Occidental’s Food, Energy and Sustainability Team (FEAST) hosted the Urban & Environmental Policy Institute’s (UEPI) event “2019 Northeast LA Plug Mob” in the FEAST garden Feb. 23. The event’s purpose was to donate seedlings of edible plants to Northeast LA schools’ community gardens. This was made possible by donations from Altman Plants, Baker Creek Seeds and Master Gardener Seed Library and coordinated by Mud Baron, a farmer, teacher and social media influencer.
Baron explained that plugs are vegetable seedlings that are sold in large amounts in what are called “plug trays.” The name “Plug Mob” is a combination of “plug” and “flash mob,” as the creators of the event were anticipating a mob of excited community gardeners attending the event.
According to Rosa Romero, the farm to preschool program director at UEPI, the event was crowded with school representatives and seedlings of primarily edible plants.
“I was looking at the spreadsheet: we had about 125 schools represented and about 40 community gardens,” Romero said.” They came and got the seedlings, which was really cool. And so the idea is, you come and there’s a variety of everything.”
Baron has been instrumental in events like these since he began working with school garden programs over ten years ago. He explained how he was able to acquire the plugs from Altman Plants.
“I found people that grew plugs and built a relationship and told them what I wanted to do. The company sells about a billion plants a year at about 10 cents a piece, so you can get an idea of what size company they are,” Baron said. “They’re giving me their extras and I’m sharing those with really amazing teachers not just from Eagle Rock.”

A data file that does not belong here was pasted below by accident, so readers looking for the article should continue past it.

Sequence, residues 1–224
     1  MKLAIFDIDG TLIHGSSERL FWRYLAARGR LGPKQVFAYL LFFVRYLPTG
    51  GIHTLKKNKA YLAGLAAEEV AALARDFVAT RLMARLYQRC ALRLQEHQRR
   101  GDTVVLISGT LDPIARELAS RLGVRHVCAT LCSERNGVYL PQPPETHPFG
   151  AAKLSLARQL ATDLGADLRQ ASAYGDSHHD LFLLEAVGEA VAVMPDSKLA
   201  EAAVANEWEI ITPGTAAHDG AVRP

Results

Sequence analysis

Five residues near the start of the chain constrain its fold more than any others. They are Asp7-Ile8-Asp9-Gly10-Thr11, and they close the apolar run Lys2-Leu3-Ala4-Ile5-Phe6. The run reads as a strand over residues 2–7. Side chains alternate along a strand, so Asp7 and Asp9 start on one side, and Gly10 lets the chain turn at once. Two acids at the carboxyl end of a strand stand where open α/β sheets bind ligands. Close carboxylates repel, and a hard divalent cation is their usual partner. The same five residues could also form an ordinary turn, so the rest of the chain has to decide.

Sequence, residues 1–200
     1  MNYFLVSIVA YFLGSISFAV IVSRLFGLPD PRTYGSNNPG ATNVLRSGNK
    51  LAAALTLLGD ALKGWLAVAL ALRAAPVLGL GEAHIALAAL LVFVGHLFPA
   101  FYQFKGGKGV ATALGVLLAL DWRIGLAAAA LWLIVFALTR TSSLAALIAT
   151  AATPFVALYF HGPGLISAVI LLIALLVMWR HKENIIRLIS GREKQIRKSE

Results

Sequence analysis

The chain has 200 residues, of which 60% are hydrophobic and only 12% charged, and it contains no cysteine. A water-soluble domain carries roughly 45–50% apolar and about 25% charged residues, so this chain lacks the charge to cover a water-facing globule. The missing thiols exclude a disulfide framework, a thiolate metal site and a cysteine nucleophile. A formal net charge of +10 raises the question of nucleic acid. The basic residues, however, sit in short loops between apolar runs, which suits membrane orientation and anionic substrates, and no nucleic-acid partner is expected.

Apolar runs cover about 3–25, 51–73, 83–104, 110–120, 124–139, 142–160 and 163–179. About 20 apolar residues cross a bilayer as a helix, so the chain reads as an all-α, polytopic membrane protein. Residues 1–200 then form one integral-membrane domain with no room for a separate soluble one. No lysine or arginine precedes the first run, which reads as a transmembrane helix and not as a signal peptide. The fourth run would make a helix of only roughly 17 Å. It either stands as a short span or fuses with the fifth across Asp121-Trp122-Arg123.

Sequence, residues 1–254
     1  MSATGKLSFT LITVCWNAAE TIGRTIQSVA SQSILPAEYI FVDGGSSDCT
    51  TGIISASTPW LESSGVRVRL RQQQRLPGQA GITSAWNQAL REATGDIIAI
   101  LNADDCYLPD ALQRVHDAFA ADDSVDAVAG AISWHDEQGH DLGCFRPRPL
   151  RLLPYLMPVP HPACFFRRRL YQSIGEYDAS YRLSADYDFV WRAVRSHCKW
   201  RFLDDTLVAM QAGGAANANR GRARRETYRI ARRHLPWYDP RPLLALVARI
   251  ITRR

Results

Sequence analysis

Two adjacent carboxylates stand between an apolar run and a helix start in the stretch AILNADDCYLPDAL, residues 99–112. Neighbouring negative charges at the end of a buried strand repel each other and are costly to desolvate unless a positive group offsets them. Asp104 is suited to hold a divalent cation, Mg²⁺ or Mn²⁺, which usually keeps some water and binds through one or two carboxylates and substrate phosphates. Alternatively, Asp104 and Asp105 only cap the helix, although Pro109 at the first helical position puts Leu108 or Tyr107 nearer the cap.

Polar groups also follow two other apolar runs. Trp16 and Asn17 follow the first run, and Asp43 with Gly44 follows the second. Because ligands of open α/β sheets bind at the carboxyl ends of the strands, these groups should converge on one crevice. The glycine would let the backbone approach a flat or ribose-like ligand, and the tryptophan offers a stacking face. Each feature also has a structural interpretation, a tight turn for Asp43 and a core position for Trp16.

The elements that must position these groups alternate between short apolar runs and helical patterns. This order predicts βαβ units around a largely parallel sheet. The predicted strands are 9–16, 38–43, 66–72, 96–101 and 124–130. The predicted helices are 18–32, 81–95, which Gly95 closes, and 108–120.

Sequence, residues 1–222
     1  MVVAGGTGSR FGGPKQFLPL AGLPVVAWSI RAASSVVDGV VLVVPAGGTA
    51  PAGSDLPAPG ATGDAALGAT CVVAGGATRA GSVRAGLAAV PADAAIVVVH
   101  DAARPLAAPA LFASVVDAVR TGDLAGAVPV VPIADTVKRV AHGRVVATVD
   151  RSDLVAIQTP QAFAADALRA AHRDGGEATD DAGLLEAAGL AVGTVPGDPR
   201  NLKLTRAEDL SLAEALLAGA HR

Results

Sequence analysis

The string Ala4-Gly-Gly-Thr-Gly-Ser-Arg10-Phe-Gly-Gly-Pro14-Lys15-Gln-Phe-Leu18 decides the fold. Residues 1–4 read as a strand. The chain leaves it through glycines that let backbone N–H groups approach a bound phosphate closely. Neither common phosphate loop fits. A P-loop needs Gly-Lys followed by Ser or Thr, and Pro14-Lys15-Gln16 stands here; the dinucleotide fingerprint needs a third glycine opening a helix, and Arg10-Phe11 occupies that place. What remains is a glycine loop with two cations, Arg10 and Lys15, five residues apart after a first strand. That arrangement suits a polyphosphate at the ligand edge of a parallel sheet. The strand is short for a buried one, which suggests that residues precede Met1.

The seedlings were given away first to school garden coordinators and then to the general community.
Romero said that UEPI invited all of the Los Angeles United School District (LAUSD) District 5 candidates who are running in the special election to fill the empty seat of Ref Rodriguez. The only candidate to make it to the event was Jackie Goldberg.
“I think that said a lot to the teachers that were here, it was really great for them to see the support. And she was … talking about how all schools need to have ag [agriculture] teachers, and they all need to have fresher fruits and vegetables and access to having a school garden,” Romero said. “And so it was really great to hear that from someone who’s actually going to be writing to represent this area.”
Romero said that the need for community gardens is especially high in Los Angeles.
“I think that in Los Angeles, there’s so much concrete and disconnect from nature that if you can have some kind of way to bring nature back into schools, into the classroom, then we might have more reflective, environmentally-inclined students that are being brought up,” Romero said.
Megan Bomba, the initiative coordinator for UEPI’s partnership with Choose Health LA Kids, further emphasized the importance of agricultural education and spoke to what this event meant to her with respect to engagement in community-based agriculture.
“So they [school children] can go outside and play, but they don’t get to touch plants or taste plants or just kind of explore and try things because people have forgotten how to garden, and they’re just afraid of things happening,” Bomba said. “So I think events like this are really important because by giving away plants, you’re kind of making it more accessible for people.”
Romero said he could tell how outreach events have impacted the community. According to Romero, after a conference on plant-based food and climate change, LAUSD has introduced a pilot program of vegan lunches.
The UEPI hopes to hold more events like this in the future, according to Bomba.
“I think that kind of collaboration between a student group and UEPI and the community is exactly the kind of thing we want to be doing more of and that we hope Occidental will do more of in the future,” Bomba said.